address. A secondary MX record pointing to another mail host (probably your
    current ISP) will cover you if your SBS is down for a period of time. BTW
    don't confuse a web site (www.companyname.com) with your registered domain
    name (companyname.com) as its your domain name that's important here for
    your mail.
     
    Steve, Feb 7, 2007
    #3
  4. Oswego

    Pop Guest

    Hi

    Yipeeee, dont worry, all you have to do is run the internet connection
    wizard, put the email domain in and all users will be updated with the email
    domain..

    However, some planning needed first...

    1. What is you plan for email collection? POP3 or SMTP, pop3 is not
    recommended. Are you ok with SMTP / MX Records. Review your Domain hosting
    provider FAQs. Global pop3 is the worst, individual pop3 better but then
    always recommend SMTP.

    2. Assume all users are in personal folders so need to export / copy these
    to their exchange outlook account.

    3. What AV protection do you have on the desktops? Boy, company had big risk
    here relying on users to protect the network and corporate data. Is there a
    Server based AV (antivirus) product installed.

    Cant think of any more...
     
    Pop, Feb 7, 2007
    #4
  5. Oswego

    Joe Guest

    The SBS domain name bears no relationship to any email domain(s) that
    Exchange handles. The Configure Email wizard will ask all the questions
    necessary. Each user will have multiple email names, of which one will
    be the 'local' version and one will be the primary, which will be used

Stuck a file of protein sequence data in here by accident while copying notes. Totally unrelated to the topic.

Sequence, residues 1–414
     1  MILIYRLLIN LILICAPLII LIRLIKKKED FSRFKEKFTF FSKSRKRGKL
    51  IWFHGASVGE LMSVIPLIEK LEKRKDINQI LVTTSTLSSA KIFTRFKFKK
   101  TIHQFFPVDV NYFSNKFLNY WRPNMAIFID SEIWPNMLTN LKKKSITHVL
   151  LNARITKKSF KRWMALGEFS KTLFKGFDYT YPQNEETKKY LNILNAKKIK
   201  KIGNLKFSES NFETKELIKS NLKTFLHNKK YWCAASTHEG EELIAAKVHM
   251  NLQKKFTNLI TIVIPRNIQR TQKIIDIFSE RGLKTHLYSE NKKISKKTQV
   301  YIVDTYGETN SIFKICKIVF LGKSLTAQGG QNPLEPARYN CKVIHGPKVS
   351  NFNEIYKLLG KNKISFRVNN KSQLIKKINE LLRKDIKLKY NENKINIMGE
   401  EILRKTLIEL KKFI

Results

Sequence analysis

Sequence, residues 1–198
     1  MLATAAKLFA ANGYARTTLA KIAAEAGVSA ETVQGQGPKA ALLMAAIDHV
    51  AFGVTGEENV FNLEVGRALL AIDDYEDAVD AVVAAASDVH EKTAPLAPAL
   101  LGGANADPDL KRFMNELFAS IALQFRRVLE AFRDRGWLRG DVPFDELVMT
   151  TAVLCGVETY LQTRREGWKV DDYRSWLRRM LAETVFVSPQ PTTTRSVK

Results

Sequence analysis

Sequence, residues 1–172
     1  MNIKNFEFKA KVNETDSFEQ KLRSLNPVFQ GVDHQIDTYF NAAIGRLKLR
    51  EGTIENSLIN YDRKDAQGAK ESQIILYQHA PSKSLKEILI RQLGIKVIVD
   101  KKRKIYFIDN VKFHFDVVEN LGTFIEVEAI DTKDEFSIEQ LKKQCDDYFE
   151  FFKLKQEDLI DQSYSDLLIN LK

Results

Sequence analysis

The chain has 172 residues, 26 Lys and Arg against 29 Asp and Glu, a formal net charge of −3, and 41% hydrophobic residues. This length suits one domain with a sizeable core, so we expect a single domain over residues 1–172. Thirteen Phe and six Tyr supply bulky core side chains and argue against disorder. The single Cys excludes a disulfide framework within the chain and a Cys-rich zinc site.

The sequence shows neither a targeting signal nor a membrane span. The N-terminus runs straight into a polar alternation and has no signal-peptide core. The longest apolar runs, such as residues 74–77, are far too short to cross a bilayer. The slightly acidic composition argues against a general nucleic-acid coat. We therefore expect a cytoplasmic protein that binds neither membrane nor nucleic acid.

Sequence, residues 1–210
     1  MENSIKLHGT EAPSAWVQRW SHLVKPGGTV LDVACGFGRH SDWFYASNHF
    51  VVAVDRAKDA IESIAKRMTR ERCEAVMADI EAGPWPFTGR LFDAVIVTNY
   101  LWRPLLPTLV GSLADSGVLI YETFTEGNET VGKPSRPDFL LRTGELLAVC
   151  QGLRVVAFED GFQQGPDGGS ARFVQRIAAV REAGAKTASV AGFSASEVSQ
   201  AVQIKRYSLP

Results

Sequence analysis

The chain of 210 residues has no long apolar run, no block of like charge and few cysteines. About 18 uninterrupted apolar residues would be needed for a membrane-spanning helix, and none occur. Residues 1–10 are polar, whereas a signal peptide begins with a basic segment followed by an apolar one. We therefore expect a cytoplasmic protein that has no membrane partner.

for Reply-To and suchlike.

    Outsiders will never see the local domain name. The public FQDN will
    be mapped by the relevant DNS authority to your public IP address, and
    the SBS internal DNS system again has no connection with this. The
    Exchange HELO will be based on its primary email domain, not on the
    local one.
     
    Joe, Feb 7, 2007
    #5
  6. Oswego

    Chris Guest

    Hi Anna,

    Thanks for the helpful reply!

    I should have mentioned that the 1st Exchange Organization had already been
    setup on a different Windows 2003 Std server with Exchange 2003 Std as a std
    member server of the sbs.ServerName.local domain - (probably as a simple
    means of unloading additional high-impact services from the SBS server).

    I've checked the Exchange 2003 Sp2 server setup using all of the standard
    domain forest prep tools and it also passes all of the Exchange Best
    Practices Analyzer Tool tests and seems to be ready to go for the migration
    of everyone's current Outlook 2003 .pst files using ExMerge.exe

    I'm under the assumption that in this scenario since Exchange services were